Estimation result of the Mincer-type wage function
The estimation of the Mincer-type wage function indicates that there is clearly a wage disparity due to the presence or absence of exports concerning wages. This result differs from previous domestic and overseas research including Schank et al. (2007), Munch and Skaksen (2008), Tanaka (2015), and Endo (2016).
However, unlike previous research, in my paper I do not use panel data of workers due to restrictions on data and cannot exclude the possibility that differences in the unobservable workers’ abilities and plant characteristics are affected. For this reason, I also estimated the wage function by plant size because the same scale plants are expected to have small differences in characteristics that cannot be observed. The result shows that, at plants with 300 or fewer employees and firms with 299 or less employees, the impact of export on wage disparity is remarkable.
Additionally, in order to compare the relative degree of influence of the part correlating purely with export among the export premieres of wages, we performed Blinder-Oaxaca decomposition on 2012 data. The impact of exports was 9.5% for the entire manufacturing industry, less than 10%, but for plants with 100 or fewer employees, it is over 1/3. Even for plants with 101 to 200 employees, it is 20%, accounting for a relatively large weight (Table 1).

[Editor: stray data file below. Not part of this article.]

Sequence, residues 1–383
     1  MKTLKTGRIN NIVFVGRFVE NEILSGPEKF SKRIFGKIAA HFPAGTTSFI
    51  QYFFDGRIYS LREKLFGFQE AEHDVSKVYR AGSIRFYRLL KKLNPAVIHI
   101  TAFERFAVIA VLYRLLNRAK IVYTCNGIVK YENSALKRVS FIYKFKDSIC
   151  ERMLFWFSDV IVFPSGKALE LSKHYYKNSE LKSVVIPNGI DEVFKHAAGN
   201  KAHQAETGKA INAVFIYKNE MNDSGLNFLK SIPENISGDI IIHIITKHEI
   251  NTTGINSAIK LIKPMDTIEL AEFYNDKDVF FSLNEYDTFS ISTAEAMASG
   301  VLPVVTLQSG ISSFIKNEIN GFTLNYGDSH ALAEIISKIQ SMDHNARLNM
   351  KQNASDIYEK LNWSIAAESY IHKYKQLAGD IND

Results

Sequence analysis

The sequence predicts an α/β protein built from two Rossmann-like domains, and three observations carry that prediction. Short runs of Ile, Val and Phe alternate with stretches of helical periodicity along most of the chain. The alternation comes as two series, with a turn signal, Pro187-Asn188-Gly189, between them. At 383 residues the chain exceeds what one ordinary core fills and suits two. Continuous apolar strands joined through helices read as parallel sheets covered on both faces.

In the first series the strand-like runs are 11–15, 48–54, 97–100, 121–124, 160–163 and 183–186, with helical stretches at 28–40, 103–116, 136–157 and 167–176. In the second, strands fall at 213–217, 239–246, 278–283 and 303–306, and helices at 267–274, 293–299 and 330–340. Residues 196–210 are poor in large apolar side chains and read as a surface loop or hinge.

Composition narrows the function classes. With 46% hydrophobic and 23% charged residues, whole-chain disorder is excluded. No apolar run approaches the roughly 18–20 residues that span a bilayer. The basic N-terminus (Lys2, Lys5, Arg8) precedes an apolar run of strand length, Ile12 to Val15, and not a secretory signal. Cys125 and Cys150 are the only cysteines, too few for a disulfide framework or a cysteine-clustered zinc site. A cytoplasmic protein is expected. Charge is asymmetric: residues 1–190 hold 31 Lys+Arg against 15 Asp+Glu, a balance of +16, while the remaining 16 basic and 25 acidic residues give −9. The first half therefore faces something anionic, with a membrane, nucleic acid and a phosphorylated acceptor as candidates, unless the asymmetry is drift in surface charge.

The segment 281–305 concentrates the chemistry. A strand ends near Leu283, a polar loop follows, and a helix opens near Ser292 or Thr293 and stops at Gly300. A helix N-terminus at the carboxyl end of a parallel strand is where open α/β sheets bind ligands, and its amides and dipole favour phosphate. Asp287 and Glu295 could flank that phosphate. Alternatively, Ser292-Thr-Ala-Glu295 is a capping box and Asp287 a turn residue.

Table 1 Pure effect of exports on wage premiums of exporting plants
Mechanism behind the big influence of export on wages of small firms
Why did exports bring wage disparity only to smaller plants and firms? Two mechanisms are conceivable.
One is rent sharing, as Helpman et al. (2010) suggested. In general, smaller scale businesses tend to have lower performance. Among such firms, starting exports will greatly improve the performance compared with other firms, and this will be reflected in wages. In contrast, in large-scale firms, non-exporting firms can also afford to raise wages due to other achievements rather than exporting and, as a result, the wage disparity between exporting and non-exporting firms is not clear.